150 Years of American Pharmacy: The diabetic patent's reliance on the pharmacist

March 5, 2007

Editor's note: Throughout 2007, this column, which takes a look at some of the most important moments in the history of pharmacy, will appear in each issue as part of our sesquicentennial celebration. Tied with this column is a pharmacy history contest, which we are urging all readers to participate in. Monthly questions based on this column, will be posted on the Drug Topics anniversary microsite. Contestants are eligible to win a Visa gift card of $250. For details about the contest, go to www.drugtopics.com.

Editor's note: Throughout 2007, this column, which takes a look at some of the most important moments in the history of pharmacy, will appear in each issue as part of our sesquicentennial celebration. Tied with this column is a pharmacy history contest, which we are urging all readers to participate in. Monthly questions based on this column, will be posted on the Drug Topics anniversary microsite. Contestants are eligible to win a Visa gift card of $250. For details about the contest, go to http://www.drugtopics.com/150anniversary.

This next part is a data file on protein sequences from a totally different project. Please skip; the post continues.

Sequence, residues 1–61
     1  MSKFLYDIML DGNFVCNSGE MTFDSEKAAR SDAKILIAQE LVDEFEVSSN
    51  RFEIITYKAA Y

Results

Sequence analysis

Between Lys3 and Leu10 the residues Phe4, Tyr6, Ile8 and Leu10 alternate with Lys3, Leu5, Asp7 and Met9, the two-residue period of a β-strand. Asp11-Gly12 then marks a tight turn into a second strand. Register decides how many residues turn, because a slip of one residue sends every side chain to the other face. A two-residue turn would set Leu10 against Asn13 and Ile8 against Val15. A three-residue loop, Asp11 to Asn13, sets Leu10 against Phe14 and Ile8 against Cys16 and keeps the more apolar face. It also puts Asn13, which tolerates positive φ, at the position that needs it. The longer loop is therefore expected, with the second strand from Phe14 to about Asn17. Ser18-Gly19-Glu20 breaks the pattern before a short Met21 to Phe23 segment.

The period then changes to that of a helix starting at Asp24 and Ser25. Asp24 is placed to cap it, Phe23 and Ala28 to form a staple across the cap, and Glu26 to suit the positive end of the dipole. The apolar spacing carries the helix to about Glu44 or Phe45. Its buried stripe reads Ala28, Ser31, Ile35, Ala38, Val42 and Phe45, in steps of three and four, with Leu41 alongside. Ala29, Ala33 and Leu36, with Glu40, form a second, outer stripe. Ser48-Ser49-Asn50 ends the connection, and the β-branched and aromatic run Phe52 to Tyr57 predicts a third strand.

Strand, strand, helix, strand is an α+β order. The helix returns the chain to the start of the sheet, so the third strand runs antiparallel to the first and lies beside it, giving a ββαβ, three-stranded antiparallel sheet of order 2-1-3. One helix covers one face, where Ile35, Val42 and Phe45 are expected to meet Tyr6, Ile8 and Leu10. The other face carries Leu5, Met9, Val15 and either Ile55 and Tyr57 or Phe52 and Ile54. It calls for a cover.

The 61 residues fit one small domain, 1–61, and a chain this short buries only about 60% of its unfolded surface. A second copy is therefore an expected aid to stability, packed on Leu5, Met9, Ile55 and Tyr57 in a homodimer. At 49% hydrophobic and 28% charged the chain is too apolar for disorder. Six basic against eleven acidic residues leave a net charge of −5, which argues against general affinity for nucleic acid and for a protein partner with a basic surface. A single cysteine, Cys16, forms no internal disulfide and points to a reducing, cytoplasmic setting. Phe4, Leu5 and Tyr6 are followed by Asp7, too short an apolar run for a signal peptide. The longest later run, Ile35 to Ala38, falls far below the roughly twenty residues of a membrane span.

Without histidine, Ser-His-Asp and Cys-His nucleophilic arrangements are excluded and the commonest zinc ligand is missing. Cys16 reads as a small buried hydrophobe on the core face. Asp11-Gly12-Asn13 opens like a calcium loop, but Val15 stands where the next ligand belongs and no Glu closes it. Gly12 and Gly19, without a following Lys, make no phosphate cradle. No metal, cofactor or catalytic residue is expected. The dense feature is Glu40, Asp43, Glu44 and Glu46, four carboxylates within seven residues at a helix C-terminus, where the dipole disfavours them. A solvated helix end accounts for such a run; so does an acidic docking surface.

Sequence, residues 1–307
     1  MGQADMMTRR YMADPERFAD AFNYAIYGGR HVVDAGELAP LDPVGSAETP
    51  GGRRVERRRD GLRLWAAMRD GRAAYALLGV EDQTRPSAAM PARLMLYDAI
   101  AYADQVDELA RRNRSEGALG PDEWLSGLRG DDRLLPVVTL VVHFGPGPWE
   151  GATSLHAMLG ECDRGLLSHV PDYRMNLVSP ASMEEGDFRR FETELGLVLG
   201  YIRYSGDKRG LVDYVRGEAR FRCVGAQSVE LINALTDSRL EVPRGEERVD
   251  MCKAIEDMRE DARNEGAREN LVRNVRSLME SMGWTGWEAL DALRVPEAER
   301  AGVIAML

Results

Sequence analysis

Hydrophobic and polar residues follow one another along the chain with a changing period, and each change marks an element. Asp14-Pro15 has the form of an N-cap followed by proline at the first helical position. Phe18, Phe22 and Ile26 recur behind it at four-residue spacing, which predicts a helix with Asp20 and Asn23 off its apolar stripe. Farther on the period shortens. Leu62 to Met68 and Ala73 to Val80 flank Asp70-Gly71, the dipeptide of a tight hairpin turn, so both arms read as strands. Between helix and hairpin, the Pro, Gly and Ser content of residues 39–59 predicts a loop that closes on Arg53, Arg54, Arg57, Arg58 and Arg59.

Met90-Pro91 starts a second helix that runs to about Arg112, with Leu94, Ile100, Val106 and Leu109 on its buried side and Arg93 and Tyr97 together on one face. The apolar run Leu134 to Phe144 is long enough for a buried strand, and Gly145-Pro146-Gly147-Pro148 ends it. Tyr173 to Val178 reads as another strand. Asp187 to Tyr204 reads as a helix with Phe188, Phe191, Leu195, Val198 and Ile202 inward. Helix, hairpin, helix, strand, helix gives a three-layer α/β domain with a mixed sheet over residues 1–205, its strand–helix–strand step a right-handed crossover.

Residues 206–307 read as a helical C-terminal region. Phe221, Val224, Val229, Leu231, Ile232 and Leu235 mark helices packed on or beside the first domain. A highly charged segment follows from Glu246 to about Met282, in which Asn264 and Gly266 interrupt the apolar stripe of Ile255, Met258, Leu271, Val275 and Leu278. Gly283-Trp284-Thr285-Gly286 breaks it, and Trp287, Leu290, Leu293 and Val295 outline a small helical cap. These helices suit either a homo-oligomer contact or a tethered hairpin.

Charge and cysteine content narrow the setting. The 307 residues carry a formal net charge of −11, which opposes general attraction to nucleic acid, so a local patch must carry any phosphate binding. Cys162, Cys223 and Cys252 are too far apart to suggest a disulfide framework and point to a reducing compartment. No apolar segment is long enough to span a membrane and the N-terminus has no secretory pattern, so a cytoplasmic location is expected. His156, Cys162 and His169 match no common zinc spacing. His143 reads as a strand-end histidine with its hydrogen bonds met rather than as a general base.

Historians trace the first mention of diabetes to around 3500 B.C., but until relatively recently little has been known about how to test for and treat the disease. Beginning in the late 19th century that began to change as physicians and researchers paid renewed attention to the disease. Keeping pace, Druggists Circular (which later merged with Drug Topics) started reporting on a number of new research directions for treatment of the disease, often reprinting articles found in various medical journals.

In 1880, for example, the magazine ran a series of articles on various aspects of diabetes treatment. In January, the magazine also reprinted a "simple perfected test for Diabetic sugar," from the Louisville Medical News, which involved a solution of copper sulfate and glycerine. The author suggested that the "copper crystals be thoroughly tricerated with the glycerine in a mortar and kept in a clean glass-stoppered bottle." In April, a doctor reported that he successfully treated a patient with "nitrate of uranium" and an "appropriate diet," while another noted the beneficial effects of an unrestricted diet of maple sugar. Conversely, the condition worsened for a third patient treated with salts of ammonia. Like many of the treatments meted out by pharmacists and physicians at that time, success was a matter of trial and error and mostly anecdotal.